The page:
"Versa, hung GWM, business guy, 45, discreet, looking for hook ups in the Chicago area. Into most scenes with other discreet guys, love group play. HIV negative and STD free." (headless nude photo of Mr. Average attached)
Okay, how many of you screamed "married" on reading that? I certainly did purely because of the repeated word "discreet." Someone who wants discretion has something to hide, or doesn't want the world to know (theoretically okay) but please; "into most scenes" and "love group play" ... not much discretion there. Okay, he doesn't say "Bi" so maybe we can let the discretion part go but our instincts may well have gone "strike one." Based on the requirements of this guy, do we then trust his assertion that he's HIV and STD free or have the alarm bells already gone off? He doesn't say, "tested as of ..." which means very little anyway but this is clearly not LTR material and his preferred sexual scenes don't exactly inspire credibility in his STD claims. I still say "married" but have no evidence to back that conclusion up, except my sixth sense that this guy is not all he says he is. Now I realize that one man's meat is another man's baloney, so maybe you came to totally different conclusions.
The point I'm trying to make is that consciously or not, we use our sixth sense to evaluate people even where the contact is minimal. Where HIV is involved, it's much easier to lie online than when speaking directly to that person. However, in social and possibly sexual real-life situations, that piece of information may be crucial. Certainly when chatting someone up in a bar, or anywhere else, you should try to be open to your sixth sense abilities. Most people won't ask outright if you have HIV, or talk about their testing practices. They may talk about condom use, or may claim to be "clean" but we all know that you should assume every new contact is positive and look after yourself.
In lands where criminalisation of non-disclosure is an issue, it's vital that you get your evaluation of the other person's credibility right. So we have to have all the radars working at optimum and look for clues and try to analyse them before going any further. Look at their eyes when they're talking about difficult subjects. If they won't look you in the face, that may trigger a sixth sense reaction. Similarly, body language, discussion avoidance, bullshitting and so on, will help your gut feelings form. You may have to set aside the sexual attraction aspect for a while, to get an unbiased feeling of what he or she is like but either way, you need to establish a firm opinion of where they stand on HIV before having sex with them. That doesn't always mean confessing all yourself. Your sixth sense may warn you that that would be premature and have consequences but after what may be a short conversation and interaction, you will probably have an idea of how you want to proceed and that will be based on intangible conclusions arising from your interpretation of signals ... in other words, your sixth sense.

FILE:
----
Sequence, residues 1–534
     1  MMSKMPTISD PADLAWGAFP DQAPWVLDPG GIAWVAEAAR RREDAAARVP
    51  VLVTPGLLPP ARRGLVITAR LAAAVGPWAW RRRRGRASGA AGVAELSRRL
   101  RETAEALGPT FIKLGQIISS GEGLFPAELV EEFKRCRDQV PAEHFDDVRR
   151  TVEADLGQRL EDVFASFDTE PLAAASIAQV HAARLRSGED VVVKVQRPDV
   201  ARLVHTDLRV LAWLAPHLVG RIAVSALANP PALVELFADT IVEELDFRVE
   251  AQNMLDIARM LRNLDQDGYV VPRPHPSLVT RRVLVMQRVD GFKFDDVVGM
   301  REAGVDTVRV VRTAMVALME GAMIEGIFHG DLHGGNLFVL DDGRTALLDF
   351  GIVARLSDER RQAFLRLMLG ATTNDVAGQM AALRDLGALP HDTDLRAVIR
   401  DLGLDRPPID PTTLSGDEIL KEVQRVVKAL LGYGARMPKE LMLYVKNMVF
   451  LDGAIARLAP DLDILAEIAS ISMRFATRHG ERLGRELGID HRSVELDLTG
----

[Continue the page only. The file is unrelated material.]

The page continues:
You may think that sharpening your sixth sense skills is an impossible task when you don't really know what you have to work on. However, it may sound horribly New Age but every day, opening your eyes and really looking at something may help. By looking, I mean looking beyond your first impressions. Look out of your window and for a few minutes, count the number of new things you can see. You'll be amazed at how much you normally miss. Cannabis users will know what I mean but really seeing that there's so much more to a scene than at first appears, helps you become aware of what that scene contains. Similarly, closing your eyes and really listening; how many sounds can you now hear that had passed you by? Eat a sandwich and try to taste the different components separately, not just as one homogenous taste sensation. Stand on a street corner, close your eyes and cover your ears and just smell your environment; you get the idea. Sixth senses employ these skills all the time, so practicing them can't be a bad idea and besides which, you can appreciate the world around you so much more.
Finally, you're chatting to the hottest guy, with the smoothest lines ever and already imagining what you're going to do to him later. Suddenly you get a feeling that you can't shake off: this guy isn't good for me; sexy as hell but bad news; there's something that just doesn't fit. It's going to be difficult but trusting your instinct may save you a great deal of trouble later. Open yourself up to your sixth sense; you may not always be right but it's maybe better to be safe than sorry.
Read Dave's blog, HIV, Neuropathy and More: Avoiding Becoming a Nervous Wreck.